Firstly, the complexities of SPC cases often mean that the CJEU does a poor job at retro-fitting of a chain of logic that arrives at their desired solution. The problems that I highlighted above are a good example of this (eg despite not being competent to do so, the CJEU has arrived at a ruling that appears to tell us all how we should go about determining the extent of protection provided by a patent).

      Secondly, the CJEU rarely looks beyond the end of its nose. It therefore has a terrible tendency to provide ruling that arguably leads to a “fair” result in the case before them but that unarguably creates horrible difficulties (and leads to extremely unfair results) in other cases having different fact patterns.

      Finally, a major trouble with the interpretative approach outlined above is that it is prone to being unduly influenced by the subjective views of those within the CJEU who are responsible for preparing opinions and judgements. This is probably why there are several examples of pairs of cases (handled by different individuals at the CJEU) that are both supposedly good law but that are (almost) impossible to reconcile with one another.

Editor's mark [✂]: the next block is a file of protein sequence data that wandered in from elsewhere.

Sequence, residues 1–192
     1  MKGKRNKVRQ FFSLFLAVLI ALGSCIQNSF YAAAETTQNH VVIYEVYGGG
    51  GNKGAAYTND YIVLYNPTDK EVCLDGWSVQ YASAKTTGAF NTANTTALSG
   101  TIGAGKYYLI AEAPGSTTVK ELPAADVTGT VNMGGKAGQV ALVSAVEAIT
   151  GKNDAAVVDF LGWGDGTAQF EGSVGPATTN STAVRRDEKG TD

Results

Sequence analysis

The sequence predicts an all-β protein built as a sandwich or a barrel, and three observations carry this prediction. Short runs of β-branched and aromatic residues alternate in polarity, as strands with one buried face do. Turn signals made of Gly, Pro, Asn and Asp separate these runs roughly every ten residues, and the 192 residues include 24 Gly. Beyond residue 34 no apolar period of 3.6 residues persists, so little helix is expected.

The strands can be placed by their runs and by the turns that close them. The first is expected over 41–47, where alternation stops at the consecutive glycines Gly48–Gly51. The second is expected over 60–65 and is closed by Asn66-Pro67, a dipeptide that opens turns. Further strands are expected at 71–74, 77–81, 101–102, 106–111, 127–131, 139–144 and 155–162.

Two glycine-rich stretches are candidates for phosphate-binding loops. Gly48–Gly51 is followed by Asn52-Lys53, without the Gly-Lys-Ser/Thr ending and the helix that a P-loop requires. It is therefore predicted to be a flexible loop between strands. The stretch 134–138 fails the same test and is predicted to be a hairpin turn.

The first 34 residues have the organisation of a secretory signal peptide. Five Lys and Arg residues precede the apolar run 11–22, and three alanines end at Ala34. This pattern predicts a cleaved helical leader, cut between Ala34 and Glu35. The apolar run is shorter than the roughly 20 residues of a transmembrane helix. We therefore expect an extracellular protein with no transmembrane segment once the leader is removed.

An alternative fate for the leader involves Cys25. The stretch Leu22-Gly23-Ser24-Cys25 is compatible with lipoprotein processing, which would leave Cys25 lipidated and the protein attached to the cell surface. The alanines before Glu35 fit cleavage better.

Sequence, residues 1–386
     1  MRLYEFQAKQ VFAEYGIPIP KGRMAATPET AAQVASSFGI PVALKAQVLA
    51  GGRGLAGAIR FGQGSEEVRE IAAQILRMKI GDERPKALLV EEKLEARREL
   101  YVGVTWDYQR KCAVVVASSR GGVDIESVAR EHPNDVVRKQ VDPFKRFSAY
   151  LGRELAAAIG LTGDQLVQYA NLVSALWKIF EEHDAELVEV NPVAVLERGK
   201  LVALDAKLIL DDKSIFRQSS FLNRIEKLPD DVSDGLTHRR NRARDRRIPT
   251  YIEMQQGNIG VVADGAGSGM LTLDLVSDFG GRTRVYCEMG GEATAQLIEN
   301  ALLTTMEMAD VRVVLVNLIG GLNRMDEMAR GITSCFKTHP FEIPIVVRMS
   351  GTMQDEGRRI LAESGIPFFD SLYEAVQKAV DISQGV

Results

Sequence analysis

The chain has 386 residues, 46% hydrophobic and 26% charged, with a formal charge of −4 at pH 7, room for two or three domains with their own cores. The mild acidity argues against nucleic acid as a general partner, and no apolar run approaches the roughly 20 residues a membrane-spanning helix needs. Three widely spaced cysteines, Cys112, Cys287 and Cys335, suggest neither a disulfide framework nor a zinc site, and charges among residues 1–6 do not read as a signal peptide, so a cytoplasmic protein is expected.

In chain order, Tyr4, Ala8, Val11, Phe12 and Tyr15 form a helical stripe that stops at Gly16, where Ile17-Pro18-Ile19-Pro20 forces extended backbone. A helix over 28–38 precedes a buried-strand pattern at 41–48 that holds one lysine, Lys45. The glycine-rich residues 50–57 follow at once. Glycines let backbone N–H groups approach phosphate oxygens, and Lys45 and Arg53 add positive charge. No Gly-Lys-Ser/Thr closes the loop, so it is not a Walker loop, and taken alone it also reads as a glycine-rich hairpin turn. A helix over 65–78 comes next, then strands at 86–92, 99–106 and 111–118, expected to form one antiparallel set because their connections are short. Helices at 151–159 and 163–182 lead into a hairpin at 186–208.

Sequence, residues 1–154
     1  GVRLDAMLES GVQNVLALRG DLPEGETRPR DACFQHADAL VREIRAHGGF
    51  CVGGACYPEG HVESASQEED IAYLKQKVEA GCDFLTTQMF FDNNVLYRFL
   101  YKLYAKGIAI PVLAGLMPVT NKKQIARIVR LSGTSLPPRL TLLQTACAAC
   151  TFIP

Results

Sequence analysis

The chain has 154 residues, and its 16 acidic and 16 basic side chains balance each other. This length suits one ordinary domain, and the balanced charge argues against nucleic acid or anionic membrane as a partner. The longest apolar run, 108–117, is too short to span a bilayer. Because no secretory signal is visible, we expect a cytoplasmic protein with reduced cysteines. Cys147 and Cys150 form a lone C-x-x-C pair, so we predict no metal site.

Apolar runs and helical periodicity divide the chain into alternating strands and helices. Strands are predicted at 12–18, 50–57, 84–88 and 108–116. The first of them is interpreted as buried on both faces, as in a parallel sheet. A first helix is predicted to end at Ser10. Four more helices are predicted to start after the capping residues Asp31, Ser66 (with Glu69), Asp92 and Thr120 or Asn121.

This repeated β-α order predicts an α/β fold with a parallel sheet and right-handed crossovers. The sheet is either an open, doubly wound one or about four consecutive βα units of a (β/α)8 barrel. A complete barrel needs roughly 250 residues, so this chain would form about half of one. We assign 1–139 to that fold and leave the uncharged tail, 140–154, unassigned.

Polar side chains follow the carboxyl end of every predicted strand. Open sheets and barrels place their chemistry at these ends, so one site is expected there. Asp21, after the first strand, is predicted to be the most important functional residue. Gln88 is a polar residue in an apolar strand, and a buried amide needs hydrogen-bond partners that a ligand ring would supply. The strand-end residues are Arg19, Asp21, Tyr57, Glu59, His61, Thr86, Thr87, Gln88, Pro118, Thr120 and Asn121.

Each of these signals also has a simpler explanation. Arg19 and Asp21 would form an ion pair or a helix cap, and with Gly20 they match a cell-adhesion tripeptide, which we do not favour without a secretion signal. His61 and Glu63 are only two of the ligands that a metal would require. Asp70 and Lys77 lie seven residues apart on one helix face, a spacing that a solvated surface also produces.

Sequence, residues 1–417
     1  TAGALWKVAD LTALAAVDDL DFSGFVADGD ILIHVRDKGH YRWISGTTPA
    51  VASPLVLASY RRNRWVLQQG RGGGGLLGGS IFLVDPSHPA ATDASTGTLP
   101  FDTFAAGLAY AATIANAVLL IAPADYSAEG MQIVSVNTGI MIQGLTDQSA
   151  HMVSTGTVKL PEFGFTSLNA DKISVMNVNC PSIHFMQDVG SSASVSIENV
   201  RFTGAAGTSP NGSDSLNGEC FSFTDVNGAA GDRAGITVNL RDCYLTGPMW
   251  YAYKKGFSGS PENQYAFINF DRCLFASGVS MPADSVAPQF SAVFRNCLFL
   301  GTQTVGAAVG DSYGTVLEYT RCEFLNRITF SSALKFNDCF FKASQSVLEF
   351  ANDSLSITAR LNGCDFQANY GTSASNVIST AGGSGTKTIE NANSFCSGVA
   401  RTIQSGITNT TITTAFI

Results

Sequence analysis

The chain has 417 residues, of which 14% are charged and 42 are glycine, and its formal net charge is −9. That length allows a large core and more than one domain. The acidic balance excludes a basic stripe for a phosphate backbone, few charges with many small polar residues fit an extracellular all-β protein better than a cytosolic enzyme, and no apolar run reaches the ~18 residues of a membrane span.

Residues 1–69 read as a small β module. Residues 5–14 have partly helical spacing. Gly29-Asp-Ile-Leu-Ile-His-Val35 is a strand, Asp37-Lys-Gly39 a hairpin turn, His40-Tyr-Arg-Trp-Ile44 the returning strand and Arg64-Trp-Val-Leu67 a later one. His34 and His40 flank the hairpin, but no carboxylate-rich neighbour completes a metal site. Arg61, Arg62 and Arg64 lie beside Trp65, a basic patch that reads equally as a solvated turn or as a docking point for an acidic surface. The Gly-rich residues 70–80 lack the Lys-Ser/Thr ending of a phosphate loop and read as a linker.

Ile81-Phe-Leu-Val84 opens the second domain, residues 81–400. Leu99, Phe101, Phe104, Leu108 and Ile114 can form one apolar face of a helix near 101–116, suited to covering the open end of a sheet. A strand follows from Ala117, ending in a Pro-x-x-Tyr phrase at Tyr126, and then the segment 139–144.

I feel very sorry for the national courts who, by and large, have a far better grasp of the complexities of SPC law and that (at least on occasion) demonstrate an ability to think about knock-on consequences of their preferred interpretations of the law. This is because the CJEU has made such a mess of interpreting certain provisions, and Article 3(a) in particular, that it makes it very hard for the national courts to justify NOT making preliminary references to the CJEU.

      Whilst this mess might not be all of the CJEU’s making, I cannot help but think that they are now in a hole on Article 3(a) and ought to stop digging.